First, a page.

The DevSecOps takeaway is that our teams exist primarily to avoid competing for jurisdictional mandates. Cohesiveness is more than a happy feeling; it provides the ability to react uniformly to a crisis. The focus of an effective DevSecOps team should be to invest extensively in risk assessment, including exhaustive threat modeling, to understand its organization’s attack surface.
Preparation is expensive, but being surprised costs a lot more.
Unplanned change isn’t easy
The Project Management Institute’s (PMI) Project Management Body of Knowledge (PMBOK) Guide defines 49 distinct processes in managing projects. Although a DevSecOps team is an ongoing entity and not technically a project structure, the PMBOK’s process descriptions still apply. The PMBOK Guide explains that “Develop Team” and “Manage Team” are separate processes. That’s because teams change, and failing to manage that change can cause friction and a loss of effectiveness.
The common perception of teamwork is that the team dynamic stays constant throughout the team lifecycle. But in real life, teams progress through stages in a normal cycle. Studies in the field of group dynamics show how understanding and managing teams through normal changes can reduce friction and increase a team’s productivity. Even without a deep understanding of group dynamics, stability allowed many teams, including DevSecOps teams, to operate effectively enough to get the job done.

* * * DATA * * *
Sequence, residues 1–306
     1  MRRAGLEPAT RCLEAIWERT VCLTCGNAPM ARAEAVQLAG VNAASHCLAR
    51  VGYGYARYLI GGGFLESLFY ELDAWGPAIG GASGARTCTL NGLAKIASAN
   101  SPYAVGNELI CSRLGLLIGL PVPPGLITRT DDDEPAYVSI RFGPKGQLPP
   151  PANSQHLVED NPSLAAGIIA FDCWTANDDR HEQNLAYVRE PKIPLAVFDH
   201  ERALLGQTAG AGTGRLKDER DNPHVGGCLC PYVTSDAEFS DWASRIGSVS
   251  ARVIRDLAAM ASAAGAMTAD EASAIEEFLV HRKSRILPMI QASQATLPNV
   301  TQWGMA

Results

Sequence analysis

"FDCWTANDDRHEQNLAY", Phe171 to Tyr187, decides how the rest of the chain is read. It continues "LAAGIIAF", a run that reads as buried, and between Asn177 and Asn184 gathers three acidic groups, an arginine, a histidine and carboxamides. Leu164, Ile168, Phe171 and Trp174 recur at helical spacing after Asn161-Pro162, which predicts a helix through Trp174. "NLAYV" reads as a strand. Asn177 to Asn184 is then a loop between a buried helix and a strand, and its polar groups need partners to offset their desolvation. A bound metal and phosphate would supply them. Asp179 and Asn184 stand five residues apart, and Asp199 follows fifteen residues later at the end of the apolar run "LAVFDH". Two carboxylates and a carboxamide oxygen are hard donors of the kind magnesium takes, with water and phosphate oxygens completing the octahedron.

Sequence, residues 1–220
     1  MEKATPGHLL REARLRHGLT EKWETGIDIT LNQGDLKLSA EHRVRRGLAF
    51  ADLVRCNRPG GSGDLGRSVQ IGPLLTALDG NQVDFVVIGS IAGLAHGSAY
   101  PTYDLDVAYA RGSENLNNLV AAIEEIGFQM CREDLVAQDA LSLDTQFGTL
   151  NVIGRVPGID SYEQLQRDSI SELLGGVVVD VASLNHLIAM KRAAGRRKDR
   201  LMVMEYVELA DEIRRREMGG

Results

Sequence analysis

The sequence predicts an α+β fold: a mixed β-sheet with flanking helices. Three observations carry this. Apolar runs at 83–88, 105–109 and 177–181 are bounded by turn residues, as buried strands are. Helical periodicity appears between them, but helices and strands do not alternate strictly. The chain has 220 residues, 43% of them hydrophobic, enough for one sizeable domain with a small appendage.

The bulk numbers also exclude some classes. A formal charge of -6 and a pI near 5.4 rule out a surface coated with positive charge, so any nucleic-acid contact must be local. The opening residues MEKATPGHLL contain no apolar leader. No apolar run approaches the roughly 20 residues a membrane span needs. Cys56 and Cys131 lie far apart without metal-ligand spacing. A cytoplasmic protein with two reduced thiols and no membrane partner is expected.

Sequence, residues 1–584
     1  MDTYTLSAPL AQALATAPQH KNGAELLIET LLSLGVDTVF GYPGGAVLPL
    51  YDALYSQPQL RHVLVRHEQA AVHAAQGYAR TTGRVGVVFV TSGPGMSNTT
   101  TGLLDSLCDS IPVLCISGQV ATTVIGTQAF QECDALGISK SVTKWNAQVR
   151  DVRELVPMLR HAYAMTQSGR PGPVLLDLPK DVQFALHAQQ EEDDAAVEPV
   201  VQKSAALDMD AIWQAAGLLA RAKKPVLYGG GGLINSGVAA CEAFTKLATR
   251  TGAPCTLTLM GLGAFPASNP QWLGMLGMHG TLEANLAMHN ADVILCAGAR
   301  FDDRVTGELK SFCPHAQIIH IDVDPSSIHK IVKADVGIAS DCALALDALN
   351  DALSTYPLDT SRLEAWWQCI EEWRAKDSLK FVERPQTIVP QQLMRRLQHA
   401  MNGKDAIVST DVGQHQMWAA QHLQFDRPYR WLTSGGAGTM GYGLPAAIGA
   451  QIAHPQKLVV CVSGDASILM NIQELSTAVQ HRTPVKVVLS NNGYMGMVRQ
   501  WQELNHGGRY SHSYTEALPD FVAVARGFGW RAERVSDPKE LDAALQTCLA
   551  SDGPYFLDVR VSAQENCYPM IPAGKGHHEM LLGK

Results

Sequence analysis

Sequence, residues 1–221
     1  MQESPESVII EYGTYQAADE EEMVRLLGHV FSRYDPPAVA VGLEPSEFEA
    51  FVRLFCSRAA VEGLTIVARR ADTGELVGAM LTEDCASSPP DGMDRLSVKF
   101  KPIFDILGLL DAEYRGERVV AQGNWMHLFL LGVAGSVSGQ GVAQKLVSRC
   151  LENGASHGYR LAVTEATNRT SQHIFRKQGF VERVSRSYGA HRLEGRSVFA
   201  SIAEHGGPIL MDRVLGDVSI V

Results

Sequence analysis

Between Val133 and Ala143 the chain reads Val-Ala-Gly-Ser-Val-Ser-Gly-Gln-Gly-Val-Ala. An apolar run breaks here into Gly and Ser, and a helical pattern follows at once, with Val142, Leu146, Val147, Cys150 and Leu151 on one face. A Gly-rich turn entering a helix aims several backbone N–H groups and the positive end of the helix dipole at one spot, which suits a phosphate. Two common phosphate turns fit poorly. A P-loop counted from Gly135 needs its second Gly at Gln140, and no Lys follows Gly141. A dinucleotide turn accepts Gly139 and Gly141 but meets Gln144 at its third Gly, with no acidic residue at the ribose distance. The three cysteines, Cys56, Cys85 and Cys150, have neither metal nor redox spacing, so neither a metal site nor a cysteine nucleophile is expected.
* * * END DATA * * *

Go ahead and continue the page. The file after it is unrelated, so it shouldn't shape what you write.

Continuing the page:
COVID-19 threw a wrench in the works. Teams that depended on the status quo have been forced into a new reality. Everyone expected norms to continue, but when a major disruption came along, we were all forced to adapt to change.
Change isn’t easy or comfortable. Some handle it better than others, but changes that invalidate comfortable norms can threaten any team.
We’re all getting used to working from home, participating in virtual meetings, and trying to figure out what “business-casual” attire now means. Interaction — and interpreting coworkers’ feelings about the matter at hand based on interactions — is more difficult, but there are positives every team can embrace. Just like in the COVID-19 pandemic, discussions should soberly address not only the current situation but also look ahead.
Many ongoing conversations focus on what’s next. While those conversations can be difficult and agreement may seem elusive, the direction of such questions are positive. Each phase of crisis response is temporary, and that focus should be a frequent reminder to avoid getting bogged down at any point in the process.
Maturing means finding community solutions
The last main takeaway from COVID-19 is how we can learn from this crisis to help our teams to mature. Maturity is rarely something the immature desire. But maturing is a process that provides enduring, positive, and sustaining results.
A mature DevSecOps team will be better prepared to handle future challenges with minimal disruption. That’s the whole point of combining functions and personnel from multiple organizational areas. The question is: How do we get there?